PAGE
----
The Amazon Effect

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When was the last time you bought something online without checking the reviews? Hopefully never.

When it comes to a brands credibility today, it’s primarily based on what our peers think. And authenticity, while important to have as a brand, is unfortunately not number one. We call this ‘The Amazon Effect’, and it’s not just impacting the e-commerce world.

“Trust” comes from the number of stars that appear next to a product, making the marketing message less and less important to shoppers. Brands can make all the claims they want, but at the end of the day, consumers find comfort in knowing their peers approve, rather than the brand itself. (Makes sense to us)

While this effect hasn’t completely made its way into retail, it’s not too far off. We, as consumers, typically shop online for convenience, and get peace of mind that we are getting “the best” value for our dollar based purely on opinion. A far stretch from the traditional tactics that beautiful package design and catchy headlines have delivered for years.

What’s interesting to us is that retailers have not fully adopted this tactic. Why aren’t we seeing a star rating when walking down the aisle of a Whole Foods, Target or Best Buy? Wouldn’t this make shopping easier? We think so. Just imagine a new 65″ TV with a four-star customer rating graphic on the box or shelf — ugly, but effective.

With all of this in mind, it reinforces the boxes we need to check as marketers. While we have no control over customer reviews, we should be sure to capitalize on them when they are in our favor, as it will only result in more clicks, buys and grabs off the digital and analog shelf.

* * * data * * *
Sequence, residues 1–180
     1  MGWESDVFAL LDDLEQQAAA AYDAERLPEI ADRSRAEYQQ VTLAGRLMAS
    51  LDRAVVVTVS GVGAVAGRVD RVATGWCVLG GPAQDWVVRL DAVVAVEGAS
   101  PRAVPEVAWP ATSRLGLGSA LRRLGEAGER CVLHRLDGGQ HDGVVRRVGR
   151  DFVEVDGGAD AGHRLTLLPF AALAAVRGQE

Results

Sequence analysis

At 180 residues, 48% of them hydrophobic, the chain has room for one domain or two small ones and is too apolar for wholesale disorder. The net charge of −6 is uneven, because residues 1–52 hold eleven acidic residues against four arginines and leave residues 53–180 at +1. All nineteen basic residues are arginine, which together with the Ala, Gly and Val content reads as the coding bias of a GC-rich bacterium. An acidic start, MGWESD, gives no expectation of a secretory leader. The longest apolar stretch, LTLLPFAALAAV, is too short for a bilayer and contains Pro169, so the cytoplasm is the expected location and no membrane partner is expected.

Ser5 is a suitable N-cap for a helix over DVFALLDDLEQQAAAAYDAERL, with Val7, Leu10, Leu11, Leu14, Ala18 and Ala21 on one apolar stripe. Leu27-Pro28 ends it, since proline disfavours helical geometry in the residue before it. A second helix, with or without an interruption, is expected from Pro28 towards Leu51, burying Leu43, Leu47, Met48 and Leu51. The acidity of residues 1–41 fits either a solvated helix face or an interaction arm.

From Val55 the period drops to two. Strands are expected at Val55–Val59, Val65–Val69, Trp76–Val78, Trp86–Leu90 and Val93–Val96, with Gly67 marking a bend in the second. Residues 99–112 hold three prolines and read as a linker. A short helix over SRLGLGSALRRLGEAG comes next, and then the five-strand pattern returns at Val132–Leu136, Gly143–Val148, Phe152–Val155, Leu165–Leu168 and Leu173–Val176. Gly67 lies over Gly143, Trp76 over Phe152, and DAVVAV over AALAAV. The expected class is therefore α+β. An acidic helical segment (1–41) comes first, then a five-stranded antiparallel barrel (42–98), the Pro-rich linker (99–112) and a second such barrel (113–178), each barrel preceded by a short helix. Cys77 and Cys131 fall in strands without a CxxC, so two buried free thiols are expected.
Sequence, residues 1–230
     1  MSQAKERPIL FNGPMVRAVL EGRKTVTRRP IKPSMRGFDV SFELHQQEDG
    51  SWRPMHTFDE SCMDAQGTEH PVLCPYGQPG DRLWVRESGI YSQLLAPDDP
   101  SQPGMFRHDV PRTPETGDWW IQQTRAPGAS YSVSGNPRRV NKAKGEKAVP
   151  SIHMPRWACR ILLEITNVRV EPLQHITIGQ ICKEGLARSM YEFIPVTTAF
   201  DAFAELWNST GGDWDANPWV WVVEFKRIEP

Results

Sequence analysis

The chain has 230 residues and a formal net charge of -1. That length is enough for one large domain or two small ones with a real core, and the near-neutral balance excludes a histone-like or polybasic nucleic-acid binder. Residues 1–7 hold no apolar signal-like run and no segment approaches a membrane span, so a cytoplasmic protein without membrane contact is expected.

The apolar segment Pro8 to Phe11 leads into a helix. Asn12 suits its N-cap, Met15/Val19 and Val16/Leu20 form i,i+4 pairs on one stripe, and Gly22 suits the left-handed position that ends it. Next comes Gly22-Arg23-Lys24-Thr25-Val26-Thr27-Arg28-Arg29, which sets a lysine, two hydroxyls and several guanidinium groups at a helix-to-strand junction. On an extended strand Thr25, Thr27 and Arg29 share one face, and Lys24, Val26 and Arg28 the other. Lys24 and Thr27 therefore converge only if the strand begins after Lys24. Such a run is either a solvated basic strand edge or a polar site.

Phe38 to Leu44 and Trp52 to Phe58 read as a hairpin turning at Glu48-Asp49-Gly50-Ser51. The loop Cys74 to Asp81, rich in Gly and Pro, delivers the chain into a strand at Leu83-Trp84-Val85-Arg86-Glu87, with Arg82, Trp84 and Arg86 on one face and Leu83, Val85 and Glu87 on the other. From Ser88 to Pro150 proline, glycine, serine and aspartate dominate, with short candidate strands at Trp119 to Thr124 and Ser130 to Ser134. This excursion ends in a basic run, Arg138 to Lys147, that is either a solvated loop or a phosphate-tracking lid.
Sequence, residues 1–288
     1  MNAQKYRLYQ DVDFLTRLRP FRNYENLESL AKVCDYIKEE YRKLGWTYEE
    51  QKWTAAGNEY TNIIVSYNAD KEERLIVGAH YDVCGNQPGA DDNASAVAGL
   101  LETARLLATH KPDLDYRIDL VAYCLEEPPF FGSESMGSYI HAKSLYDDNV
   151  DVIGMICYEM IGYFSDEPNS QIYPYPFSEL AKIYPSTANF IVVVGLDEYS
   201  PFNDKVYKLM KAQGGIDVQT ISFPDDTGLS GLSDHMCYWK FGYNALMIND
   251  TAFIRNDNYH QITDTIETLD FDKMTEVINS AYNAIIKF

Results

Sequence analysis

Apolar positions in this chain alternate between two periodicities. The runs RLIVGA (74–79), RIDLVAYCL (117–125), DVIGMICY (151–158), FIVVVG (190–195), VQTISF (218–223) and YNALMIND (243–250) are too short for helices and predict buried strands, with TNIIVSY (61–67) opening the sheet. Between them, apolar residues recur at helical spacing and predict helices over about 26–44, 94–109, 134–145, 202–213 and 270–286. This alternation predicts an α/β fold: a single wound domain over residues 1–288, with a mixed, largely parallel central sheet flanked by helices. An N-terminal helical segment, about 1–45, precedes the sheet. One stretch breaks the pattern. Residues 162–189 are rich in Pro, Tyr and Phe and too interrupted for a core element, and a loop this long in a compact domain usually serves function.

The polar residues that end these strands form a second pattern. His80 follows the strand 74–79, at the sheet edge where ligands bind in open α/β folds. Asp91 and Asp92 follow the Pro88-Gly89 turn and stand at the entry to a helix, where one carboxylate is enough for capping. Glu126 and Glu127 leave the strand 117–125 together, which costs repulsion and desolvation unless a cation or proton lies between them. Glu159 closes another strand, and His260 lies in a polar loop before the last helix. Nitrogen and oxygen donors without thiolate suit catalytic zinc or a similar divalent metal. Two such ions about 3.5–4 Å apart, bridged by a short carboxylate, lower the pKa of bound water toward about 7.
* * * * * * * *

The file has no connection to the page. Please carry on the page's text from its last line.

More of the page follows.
Thanks for reading, and let us know how we can help you leverage these insights.

Is your brand capable of creating a symphony?

FullSizeRender (1)Allora (and so)… just got back from a few weeks in Italy, and needless to say, I’m inspired. Not just from the wonderful foods, historical sights and work-to-live disposition of everyone there — but from the symphony this charming country composed and allowed me to enjoy. Let’s try a fun little exercise to see if I can immerse you even further. It may just inspire you for the day…

  • First open and play the following symphony from Antonio Vivaldi
  • Now imagine you are walking the small, charming, water-filled streets of Venice (think gondolas, stone bridges, street markets and little old Italian women in floral dresses)…
  • As you navigate through the streets, you pass everything from a fish market where seafood is brought in daily from local fishermen — to a bakery where “pane” (that’s bread) is being stretched and placed into ovens — and a cafe where espressos are being consumed by the liters. (Such a beautiful, and stressless vision isn’t it?)
  • Allora we have Italy!!!! So beautifully synchronized for the world to enjoy.

Now what if we were to do the same for the brands we work on today? Would we be able to visually recreate such an experience in our minds? Would it all align and transcend us like the above exercise (hopefully) did?

As you go about your day, consider trying this with your team/brand using all of your marketing assets. See what comes of it. Is there a melody you’d envelop them in? I believe this will inspire you to think about your brand in a more sensorial way. And maybe, just maybe, you can create a symphony for your customers to enjoy as well.

Are Controversial Ads Worth It?

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The battle for attention in the advertising world is intense. Companies are finding it increasingly difficult to differentiate themselves from the competition. What is a company to do when the good ideas are either: taken, over-used, or cliché. How do they breakthrough, without breaking?

The growing trend to enter the consumer’s mind is to use controversy to excite, whether it means using humor or anger to grab attention. Controversial campaigns are high risk, high reward, so caution should be used when employing such tactics.